"If you want to raise readers, you must provide them with books as soon as humanly possible. This is a parental obligation on par with vaccinations."
– Deirdre Donahue, children’s book reviewer, USA Today
Reading aloud to your kids is easy when they are little and enjoy cuddling up and sharing a fun picture book. However, in the midst of the business of long school days, homework, chores, play, music lessons, and all of the other things that make life so very busy and fast-moving, reading aloud to your school-aged child may be a rarity, a relic of the past.
Why Reading Aloud is Important
If parents truly want to help their children become confident, life-long readers, continuing the tradition of reading aloud to them is crucial. In the book, Bright Beginnings for Young Boys: Engaging Young Boys in Active Literacy, authors Debby Zambo and William G. Brozo explain how reading aloud to boys helps them develop oral language- the ability to speak and listen- which is the basis for reading.
They describe the three components of oral language that boys must learn: the form of language (understanding phonemes, syntax, morphology, and fluency), content (understanding vocabulary and semantics) and the function (pragmatics) of language.
Interestingly, 90% of kids who are classified as having a learning disability lack phonemic awareness, an essential part of understanding the form of language. Phonemic awareness is an auditory skill that requires a listener to isolate individual sounds in words. Phonemic awareness development comes naturally when children are read to: songs, poems, nursery rhymes, and stories that are repetitive build phonemic awareness. Boys must HEAR sounds in speech from an able reader in order to then integrate this skill in written words.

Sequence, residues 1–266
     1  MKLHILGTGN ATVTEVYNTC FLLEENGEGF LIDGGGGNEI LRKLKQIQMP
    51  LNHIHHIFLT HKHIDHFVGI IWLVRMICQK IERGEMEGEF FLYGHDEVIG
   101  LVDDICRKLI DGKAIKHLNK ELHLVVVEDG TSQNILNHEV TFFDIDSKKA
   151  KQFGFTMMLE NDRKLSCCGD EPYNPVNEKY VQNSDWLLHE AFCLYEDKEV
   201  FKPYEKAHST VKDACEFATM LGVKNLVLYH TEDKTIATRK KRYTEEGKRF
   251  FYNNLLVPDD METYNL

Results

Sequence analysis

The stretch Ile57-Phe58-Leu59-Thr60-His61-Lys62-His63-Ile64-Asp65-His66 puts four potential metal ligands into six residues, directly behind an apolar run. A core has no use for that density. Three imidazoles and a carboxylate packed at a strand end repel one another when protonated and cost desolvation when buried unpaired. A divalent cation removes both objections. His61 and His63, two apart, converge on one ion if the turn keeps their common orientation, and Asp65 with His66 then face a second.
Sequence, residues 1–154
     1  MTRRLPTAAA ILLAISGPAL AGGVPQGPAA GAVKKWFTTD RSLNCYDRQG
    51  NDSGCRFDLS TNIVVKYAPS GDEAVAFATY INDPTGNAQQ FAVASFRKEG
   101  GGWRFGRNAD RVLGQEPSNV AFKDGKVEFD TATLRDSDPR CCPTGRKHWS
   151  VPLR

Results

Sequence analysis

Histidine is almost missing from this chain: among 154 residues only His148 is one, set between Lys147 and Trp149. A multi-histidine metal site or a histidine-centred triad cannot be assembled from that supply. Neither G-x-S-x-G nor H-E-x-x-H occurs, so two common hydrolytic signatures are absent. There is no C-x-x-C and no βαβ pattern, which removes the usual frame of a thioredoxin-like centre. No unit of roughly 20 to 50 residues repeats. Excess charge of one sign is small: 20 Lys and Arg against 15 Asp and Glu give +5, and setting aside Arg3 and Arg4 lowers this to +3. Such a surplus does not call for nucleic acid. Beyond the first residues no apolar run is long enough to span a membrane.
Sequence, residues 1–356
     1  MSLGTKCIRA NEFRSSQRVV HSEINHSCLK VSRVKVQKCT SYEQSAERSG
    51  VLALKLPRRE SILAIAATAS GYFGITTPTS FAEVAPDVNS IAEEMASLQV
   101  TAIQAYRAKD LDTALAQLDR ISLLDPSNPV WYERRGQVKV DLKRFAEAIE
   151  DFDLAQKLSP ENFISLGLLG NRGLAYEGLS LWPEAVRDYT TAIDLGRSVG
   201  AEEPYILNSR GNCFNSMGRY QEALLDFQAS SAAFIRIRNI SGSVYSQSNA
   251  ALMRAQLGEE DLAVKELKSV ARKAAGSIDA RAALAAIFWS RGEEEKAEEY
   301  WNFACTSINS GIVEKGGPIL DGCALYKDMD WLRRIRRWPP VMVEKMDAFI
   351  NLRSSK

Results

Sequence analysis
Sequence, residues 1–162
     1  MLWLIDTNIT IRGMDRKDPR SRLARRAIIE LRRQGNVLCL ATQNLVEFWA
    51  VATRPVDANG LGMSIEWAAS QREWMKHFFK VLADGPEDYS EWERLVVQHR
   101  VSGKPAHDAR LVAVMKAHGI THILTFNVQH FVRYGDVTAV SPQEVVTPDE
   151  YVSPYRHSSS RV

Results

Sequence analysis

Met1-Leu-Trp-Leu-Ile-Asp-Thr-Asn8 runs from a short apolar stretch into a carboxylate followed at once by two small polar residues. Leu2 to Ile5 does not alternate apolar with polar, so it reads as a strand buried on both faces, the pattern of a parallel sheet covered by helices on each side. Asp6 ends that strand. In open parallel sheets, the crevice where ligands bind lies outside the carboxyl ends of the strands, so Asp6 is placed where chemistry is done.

Choose Stories Boys Can Relate To
Of course, if your child or male student isn’t interested in the story you are reading, it is likely he will not pay attention to what you are reading. This is why, when reading aloud to boys, it is important to choose books with male protagonists they can relate to, to read with expression, and to allow boys to interrupt to ask questions or to demonstrate something they are thinking about.
One researcher stated that boys can learn phonemic awareness in the dark. It is an important skill that can only be learned through hearing spoken language; remember that when boys are reading on their own, they should be encouraged to read whatever interests them: newspapers, magazines, comic books, etc. However, stories are one of the best ways for parents to verbally impart phonemic awareness to their child. There is more room to demonstrate the form of language, structure, and vocabulary through a fictional piece of work that contains dialogue, a story arc, and rich, descriptive language.
Establish a Bedtime Reading Routine: Consistency is Key
The best time to read to your child, perhaps, is right before bedtime. After your child is in his pajamas, has bathed and brushed his teeth, he is calm; his mind and body are relaxing in preparation for sleep. This is the best time to get your physically active child to be still and hear a good story.
Consistency is important. Skipping a night because you feel tired will give him the impression that the time spent reading together is not that important to you. Sticking with the routine will provide him with a sense of security and life-long, positive memories and a plethora of “book-friends” to think back upon and maybe revisit throughout his lifetime.
If your child balks as being read to, consistency will help him to realize that the routine of reading aloud is mandatory, like brushing his teeth or eating his vegetables. There may be pouting and complaining at first, and insistence that he’d rather be watching a television show, but chances are he will soon happily find himself walking through the wardrobe with Lucy into Narnia, worrying that Snowbell will one day devour Stuart Little, or calling his pencils “frindles” to the confusion of his friends.
Reading aloud to your child is a gift that will stay with him his whole life.